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Two Mornings

                                    Heather Kirn


Loud disc jockeys—hyped up on more than coffee and muffled by my drool-stained pillow—spit through a mint green radio.  They’re on the verge of eating their microphones.  They woof their throaty words.  They enter my horizontal head.  It’s time to rise for high school. 

Random notes play from a dialed phone number, and, between interludes of the ringing phone, a man named Barsky shushes the other guys.  When a woman says hello, Barsky’s the manager of a jewelry store.  Did her fiancée bring her engagement ring to be resized?  Barsky’s really, really sorry. 

Oh no, she tightens.  What is it? 

Ma’am, so so sorry, but the ring’s in the bowels of the store dog. 

What? the woman screams.  The store dog

Snickers in the studio. 

Yes, it’s true.  But if she wants to sift through the poo whenever it comes out, she’s more than welcome. 

Crack ups, cackles, hoots and howls.  Stand-up comedy meets football touchdown. 

Barskeee, whines the lone female voice in the studio.  She’s known as the lame one because she can never just play along.  She’s the one that says, “Oh, stop that,” and no one listens.

Just kidding, just kidding.  Ma’am, this is Barsky in the Morning!  Philly’s favorite DJ.

Barskeee! says the woman, like a schoolgirl who knows Barsky and knows how he can be, and Barsky laughs and says the bride-to-be’s a good sport and here, just for that, he’ll send her front-row tickets to the Bon Jovi concert. 

She squeals.  Thank you thank you. 

Who doesn’t love Bon Jovi!  It’s 1985, and it’s forty minutes before the yellow bus will screech its breaks at the corner of my street and snap its doors open and let me add to the slop of mud and melting snow on its rubber-ridged steps.  I hit the snooze button, roll back into my pillow, daze into the unknown blankness of down and warm sheets, slip into a lost world of nothing until nine minutes later, we’re back to a radio of men.  An off-key choir sings, its deep racket of male voices met by my mental picture of ten guys swaying, mugs of beer in their hands:

My ding-a-ling, my ding-a-ling, won't you play with my ding-a-ling.

Every ling is shouted louder than every ding.  Barsky is back after that short commercial break, and I get up for school, where every boy now has a two-balled bell that I’m a little wary of.


My husband is listening to how ashes from a burned cow can be mixed with water to make a person clean, especially if done on the third and seventh day after said person touches a dead body.  If you refuse to do these things, you will no longer belong to the people of Israel. 

I let out one laugh, pah, like a clap of hands.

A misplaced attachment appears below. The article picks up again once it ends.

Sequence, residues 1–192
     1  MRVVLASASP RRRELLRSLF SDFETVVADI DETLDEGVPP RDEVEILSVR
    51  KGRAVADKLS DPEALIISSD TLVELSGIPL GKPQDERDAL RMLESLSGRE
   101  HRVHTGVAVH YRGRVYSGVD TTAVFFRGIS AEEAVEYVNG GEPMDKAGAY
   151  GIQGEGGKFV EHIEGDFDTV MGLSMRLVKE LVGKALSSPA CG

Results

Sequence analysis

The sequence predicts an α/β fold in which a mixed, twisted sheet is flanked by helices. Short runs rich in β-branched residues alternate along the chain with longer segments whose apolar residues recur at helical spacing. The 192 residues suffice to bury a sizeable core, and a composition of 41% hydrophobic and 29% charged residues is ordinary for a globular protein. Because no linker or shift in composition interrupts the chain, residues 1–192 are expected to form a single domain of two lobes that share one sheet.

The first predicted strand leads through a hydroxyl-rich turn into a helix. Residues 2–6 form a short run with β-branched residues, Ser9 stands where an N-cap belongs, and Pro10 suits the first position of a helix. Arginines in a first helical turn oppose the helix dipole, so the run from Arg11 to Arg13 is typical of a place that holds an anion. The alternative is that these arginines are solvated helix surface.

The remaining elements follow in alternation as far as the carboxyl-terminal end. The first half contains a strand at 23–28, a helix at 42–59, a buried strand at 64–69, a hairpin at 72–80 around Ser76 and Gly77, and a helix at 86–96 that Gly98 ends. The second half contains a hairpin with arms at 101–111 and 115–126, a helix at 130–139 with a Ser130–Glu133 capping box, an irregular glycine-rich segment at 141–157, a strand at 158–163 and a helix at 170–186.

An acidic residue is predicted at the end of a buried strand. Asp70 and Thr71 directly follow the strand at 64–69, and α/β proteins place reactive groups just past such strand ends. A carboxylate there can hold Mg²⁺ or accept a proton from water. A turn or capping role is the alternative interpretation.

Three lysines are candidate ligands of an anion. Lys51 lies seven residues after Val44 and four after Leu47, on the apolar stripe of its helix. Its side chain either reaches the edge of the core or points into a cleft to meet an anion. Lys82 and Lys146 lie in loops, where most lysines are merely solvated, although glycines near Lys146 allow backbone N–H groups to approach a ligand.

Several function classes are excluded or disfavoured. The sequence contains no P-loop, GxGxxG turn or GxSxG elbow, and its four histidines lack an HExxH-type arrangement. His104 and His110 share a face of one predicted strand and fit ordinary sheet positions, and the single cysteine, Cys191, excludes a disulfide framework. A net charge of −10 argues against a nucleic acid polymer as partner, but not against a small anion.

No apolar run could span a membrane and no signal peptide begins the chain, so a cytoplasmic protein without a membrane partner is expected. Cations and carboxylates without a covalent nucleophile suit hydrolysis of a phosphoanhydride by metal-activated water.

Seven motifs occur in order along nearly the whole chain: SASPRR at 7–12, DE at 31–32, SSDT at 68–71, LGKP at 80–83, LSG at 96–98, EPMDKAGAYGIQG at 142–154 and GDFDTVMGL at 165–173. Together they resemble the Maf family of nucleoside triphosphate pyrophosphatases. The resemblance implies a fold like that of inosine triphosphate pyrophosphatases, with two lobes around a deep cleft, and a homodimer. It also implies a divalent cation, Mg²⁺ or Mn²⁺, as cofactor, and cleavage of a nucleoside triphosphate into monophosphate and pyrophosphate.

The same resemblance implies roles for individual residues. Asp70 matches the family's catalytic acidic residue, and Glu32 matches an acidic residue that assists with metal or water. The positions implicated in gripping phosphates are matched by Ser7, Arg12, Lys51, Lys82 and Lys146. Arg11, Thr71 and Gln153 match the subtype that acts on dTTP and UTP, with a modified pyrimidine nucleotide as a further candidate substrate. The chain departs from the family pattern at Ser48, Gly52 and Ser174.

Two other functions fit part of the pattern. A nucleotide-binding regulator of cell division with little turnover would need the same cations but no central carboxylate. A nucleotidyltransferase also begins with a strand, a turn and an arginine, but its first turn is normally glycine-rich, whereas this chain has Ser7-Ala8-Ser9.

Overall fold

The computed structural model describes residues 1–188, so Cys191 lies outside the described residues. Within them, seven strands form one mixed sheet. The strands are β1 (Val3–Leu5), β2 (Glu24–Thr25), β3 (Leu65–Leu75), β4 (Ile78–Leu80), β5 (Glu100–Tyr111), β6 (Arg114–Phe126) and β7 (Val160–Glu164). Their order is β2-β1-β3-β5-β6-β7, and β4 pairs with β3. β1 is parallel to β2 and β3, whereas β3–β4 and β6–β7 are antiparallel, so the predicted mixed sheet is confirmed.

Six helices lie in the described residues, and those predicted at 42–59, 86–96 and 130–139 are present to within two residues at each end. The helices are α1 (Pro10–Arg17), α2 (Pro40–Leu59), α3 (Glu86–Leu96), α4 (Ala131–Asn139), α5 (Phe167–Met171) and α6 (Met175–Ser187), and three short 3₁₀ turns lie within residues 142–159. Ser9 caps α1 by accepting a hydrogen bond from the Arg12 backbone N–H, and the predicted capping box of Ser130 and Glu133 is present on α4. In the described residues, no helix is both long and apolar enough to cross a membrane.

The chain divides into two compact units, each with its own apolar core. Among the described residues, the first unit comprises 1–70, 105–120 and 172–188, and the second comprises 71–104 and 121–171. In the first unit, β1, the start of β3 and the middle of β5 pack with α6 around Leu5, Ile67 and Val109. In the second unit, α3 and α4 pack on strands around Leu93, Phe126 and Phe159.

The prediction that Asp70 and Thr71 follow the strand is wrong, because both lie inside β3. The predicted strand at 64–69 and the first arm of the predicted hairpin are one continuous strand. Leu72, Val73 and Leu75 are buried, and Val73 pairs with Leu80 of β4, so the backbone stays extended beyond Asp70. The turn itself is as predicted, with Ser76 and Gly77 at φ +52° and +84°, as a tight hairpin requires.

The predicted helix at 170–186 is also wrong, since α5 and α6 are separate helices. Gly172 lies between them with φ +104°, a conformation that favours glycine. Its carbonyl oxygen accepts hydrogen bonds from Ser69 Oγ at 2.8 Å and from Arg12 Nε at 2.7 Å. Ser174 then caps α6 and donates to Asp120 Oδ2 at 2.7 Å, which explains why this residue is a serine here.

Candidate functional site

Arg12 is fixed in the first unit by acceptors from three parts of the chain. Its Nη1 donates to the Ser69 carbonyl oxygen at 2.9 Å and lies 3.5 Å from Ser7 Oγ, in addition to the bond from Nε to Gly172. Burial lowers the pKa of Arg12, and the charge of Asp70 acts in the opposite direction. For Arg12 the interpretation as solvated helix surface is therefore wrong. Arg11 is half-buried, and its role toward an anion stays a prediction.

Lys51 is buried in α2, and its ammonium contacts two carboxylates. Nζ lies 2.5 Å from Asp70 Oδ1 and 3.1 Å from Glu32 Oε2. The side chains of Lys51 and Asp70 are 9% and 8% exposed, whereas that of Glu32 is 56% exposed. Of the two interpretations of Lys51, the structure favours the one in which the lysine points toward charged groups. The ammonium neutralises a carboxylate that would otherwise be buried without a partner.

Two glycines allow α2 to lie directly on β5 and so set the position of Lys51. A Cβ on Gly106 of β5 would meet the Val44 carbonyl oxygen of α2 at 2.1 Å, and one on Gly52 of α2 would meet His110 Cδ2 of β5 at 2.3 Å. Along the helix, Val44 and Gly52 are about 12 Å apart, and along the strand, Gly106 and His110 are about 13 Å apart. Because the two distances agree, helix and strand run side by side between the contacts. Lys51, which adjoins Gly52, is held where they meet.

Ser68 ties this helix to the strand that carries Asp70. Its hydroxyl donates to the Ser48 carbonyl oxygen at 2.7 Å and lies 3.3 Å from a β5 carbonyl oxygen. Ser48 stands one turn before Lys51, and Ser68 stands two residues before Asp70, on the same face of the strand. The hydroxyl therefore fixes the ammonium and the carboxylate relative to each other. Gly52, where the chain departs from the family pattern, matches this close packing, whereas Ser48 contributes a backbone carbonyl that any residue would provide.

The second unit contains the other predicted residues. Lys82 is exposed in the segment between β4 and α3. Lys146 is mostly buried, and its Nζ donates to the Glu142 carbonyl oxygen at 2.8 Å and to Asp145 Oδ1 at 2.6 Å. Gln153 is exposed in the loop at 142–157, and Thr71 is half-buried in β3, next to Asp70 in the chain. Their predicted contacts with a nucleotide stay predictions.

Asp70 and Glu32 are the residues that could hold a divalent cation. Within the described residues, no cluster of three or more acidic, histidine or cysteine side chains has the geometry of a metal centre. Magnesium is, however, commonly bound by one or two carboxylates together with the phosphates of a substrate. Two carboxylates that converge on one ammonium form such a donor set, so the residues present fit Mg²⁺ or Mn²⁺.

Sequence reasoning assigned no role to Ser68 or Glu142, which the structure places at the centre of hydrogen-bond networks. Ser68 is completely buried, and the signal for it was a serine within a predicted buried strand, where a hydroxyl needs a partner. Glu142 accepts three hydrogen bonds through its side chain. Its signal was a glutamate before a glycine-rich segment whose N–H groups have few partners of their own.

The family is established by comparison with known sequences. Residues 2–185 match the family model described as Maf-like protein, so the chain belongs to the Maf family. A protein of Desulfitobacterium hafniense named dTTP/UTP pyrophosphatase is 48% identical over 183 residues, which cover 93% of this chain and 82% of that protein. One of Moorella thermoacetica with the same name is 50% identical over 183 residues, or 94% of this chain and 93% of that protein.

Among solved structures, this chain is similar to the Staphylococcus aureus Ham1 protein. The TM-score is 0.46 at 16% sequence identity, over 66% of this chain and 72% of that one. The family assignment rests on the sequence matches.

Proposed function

He snickers, but then his brow furrows again.  It’s Saturday in graduate school, and he needs to learn Leviticus.  He’s crouched over the living room carpet, listening to the Bible on tape, folding a brown bag over a new textbook.  He’s serious about preserving books.  The tight folds of grocery-bag paper over a hardbound cover remind me of grade school, of backpacks, of those screeching buses. 

When you are unclean, anything you touch will become unclean.  Anyone you touch will become unclean, reads the man on tape, who then adds, until evening

Until evening?  It’s that precise, huh?  I’m tickled by the specifics.

The morning’s mug of black tea is too hot against my lip.  Bored, I set it down.  My husband’s book is nearly covered in brown paper, and I tell myself he’ll be freed from school for the day.  But when he’s finished, he’ll have to read it.  As he hunches over, taping and folding, the back edge of his cream wool sweater lifts up to his belt, and I think of the skin just below his waistline.  If I were to swoop my index finger across his abdomen, it would quiver and go taut. 

The following things, says the Lord, make you unclean: eating hare, camel, pig.  Touching hare, camel, pig.  Touching the garment that touched hare, camel, pig. 

The cars outside rush beneath our bay windows, but my morning is slow-going.  In my head, out of nowhere, my ding-a-ling, my ding-a-ling. The radio isn’t on—Barsky is twenty years gone—and yet I hear it. Won't you play with my ding-a-ling.  I hear boy-grins behind manly voices, competition in the lings and dings, and the lone, protesting, female cry above the deep hardy-hars.

The garment must be immersed in water, says the man, must remain unclean till evening, when it will be clean. 

The Barsky voices die down.  I imagine tea-stained white linen soaking in a metal tub, women’s sandals hesitating beside it, their thin fingers stretching downward, longing to grab from the milky water and scrub.  But they can’t.  Not yet.

Earlier, in bed, my husband’s breath hissed and quieted, hissed and quieted, and I curled my cold toes against his calf.  We were too tired for love-making.

Now, I see those bible-women’s eyes gaze upward, scanning the sky.  Measuring the location of the sun.  Waiting for the moon to show.  Waiting till evening.

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